waters near a bathing beach, thus creating a public health problem.

(4 persons participating)

I.A.1. The State Road Department failed to place a culvert at a point in a
new road where it obviously was needed. By so doing, they caused
water to back up on "A's" field.

I.A.2. The State Road Department has turned road drainage across "A", "B,
and "C" farms in the county, causing considerable erosion. In at
least one case this could have been avoided by carrying the water an
j' additional 200 feet to another road ditch at a right angle to the
main road.

II.B.1. Thd State RoadDepartment arbitrarily cut a ditch through "A's" land,
thereby causing it to become water logged during wet seasons.

I.B.3. The road was built channeling water into a field. The runoff caused
a gully across a 20-acre field which rendered it impossible to culti-
vate about 3 acres in the east portion.

It.C.3. "A" is located on the lower end of a badly needed drainage ditch. "B"
and "C" located above him need the ditch to drain their land.

I.C.3. "A" was ready to terrace his severely-eroded field, but could not do
so because his neighbor below him, "B", would not give him the right
to discharge the water through his field.

[I.A.1. The railroad replaced a 16-foot trestle with an inadequate culvert,
thereby causing water to back up on the lands of "A", "B" and "C".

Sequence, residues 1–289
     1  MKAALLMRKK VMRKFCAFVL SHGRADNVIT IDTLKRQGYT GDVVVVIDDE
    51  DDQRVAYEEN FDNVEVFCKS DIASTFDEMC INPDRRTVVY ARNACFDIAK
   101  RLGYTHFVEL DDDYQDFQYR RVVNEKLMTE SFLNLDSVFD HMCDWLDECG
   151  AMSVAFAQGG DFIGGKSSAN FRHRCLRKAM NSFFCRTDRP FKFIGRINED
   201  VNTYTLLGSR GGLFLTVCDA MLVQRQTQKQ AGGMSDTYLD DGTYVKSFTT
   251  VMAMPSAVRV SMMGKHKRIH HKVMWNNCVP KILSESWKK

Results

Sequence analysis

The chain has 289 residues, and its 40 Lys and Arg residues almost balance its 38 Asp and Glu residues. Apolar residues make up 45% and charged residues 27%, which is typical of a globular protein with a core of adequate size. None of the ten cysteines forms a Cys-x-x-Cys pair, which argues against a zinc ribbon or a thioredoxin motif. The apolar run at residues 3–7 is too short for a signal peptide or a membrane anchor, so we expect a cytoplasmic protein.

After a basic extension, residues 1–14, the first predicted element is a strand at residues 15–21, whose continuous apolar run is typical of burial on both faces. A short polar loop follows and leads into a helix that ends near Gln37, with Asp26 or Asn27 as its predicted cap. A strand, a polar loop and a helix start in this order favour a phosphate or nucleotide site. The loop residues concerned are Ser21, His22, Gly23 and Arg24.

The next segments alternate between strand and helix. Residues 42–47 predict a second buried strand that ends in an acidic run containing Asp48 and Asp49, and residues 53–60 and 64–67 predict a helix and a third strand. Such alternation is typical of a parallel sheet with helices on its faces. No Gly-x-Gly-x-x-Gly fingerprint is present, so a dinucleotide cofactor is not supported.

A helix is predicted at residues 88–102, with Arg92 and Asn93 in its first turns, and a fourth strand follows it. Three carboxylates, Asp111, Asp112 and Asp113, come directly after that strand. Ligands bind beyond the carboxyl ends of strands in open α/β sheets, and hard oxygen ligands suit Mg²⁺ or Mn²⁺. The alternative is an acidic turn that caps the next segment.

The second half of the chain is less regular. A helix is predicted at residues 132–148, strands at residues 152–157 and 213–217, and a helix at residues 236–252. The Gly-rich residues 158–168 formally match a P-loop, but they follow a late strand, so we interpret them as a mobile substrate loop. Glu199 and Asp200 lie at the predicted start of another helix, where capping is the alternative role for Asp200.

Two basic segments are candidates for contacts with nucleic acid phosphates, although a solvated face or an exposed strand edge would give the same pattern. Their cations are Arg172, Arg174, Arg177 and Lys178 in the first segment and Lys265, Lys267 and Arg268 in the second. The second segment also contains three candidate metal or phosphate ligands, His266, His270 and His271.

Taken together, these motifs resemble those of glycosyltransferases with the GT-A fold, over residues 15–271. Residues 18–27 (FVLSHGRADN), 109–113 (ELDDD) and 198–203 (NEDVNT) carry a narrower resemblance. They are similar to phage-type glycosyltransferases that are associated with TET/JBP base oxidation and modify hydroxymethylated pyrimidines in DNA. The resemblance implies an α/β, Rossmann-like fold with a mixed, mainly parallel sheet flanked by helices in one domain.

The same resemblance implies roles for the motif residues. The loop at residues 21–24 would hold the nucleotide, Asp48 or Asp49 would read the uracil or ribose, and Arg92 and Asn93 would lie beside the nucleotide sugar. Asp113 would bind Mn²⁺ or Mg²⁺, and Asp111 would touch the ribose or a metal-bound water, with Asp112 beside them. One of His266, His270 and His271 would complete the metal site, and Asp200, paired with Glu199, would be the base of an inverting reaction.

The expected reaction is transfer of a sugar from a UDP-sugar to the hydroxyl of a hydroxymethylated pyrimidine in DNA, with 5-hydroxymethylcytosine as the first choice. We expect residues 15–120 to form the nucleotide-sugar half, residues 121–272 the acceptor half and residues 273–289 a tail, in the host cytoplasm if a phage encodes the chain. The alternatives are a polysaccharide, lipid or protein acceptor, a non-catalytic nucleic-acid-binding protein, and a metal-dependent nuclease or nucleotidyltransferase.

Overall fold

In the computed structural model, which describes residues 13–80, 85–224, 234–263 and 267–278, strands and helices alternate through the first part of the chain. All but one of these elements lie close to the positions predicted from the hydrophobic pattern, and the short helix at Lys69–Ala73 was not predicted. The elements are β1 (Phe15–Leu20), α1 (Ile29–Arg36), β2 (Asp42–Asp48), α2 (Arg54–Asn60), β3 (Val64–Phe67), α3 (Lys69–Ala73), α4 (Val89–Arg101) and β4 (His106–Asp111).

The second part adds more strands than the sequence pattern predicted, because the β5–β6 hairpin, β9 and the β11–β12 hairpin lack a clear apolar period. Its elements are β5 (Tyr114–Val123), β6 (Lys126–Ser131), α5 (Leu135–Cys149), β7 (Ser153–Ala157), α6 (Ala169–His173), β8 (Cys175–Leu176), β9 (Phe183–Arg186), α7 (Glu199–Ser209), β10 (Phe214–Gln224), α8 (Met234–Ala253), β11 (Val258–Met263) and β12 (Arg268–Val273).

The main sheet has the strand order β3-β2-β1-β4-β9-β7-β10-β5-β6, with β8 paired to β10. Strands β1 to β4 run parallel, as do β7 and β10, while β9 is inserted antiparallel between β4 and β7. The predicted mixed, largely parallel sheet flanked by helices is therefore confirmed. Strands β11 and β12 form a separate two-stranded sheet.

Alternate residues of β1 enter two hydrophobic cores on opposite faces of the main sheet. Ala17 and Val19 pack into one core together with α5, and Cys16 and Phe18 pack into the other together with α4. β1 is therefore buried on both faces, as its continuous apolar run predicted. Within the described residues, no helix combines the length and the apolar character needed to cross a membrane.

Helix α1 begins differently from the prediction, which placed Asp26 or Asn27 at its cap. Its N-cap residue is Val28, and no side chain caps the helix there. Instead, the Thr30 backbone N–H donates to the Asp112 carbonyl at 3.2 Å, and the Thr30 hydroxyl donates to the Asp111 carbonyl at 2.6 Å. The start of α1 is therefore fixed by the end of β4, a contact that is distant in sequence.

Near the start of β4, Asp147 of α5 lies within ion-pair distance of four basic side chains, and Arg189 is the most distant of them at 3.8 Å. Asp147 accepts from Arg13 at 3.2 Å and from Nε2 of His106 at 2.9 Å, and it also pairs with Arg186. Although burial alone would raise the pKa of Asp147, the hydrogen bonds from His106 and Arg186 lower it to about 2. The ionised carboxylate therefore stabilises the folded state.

- 79 -

-- --- _1.... ....I

UNION COUNTY (continued)

II.A.1. '"A" builds a temporary dam on an intermittent stream. "B" builds a
well-engineered dam downstream. "A's" dam washes out on a flash
flood and takes out "B's" dam also.


"A" and "B" want to build a dam for irrigation. However, this dam
will back up on the small stream involved to the edge of "C's" land.
"C" is not willing to agree to the construction, even though none of
his crop land would be involved.

II.A.4. The flow of a stream was stopped through construction of a dam for
irrigation. Due to small amount of rainfall, the pond has not filled
and as a result no water is getting past the dam for the downstream

II.A.4. "A" constructs a dam for irrigation on a small intermittently running
stream crossing through his farm and impounds the whole flow during
; dry periods. "B", -C" and "D", who were using the stream for live-
stock water in their fields and pastures, are without water.


See II.A.1. (No.3) above.

(19 persons participating)

I.B.4. Unnecessary drainage of swamp areas is affecting farming in adjacent
areas and is upsetting the wildlife balance.

I.C.1. Proper drainage is a problem to the vegetable growers of the Samsula


The State Road Department desired to lower the water level of a lake,
so that any future overflow would not damage the new highway being
paved. Two 5-foot culverts were installed under the new highway and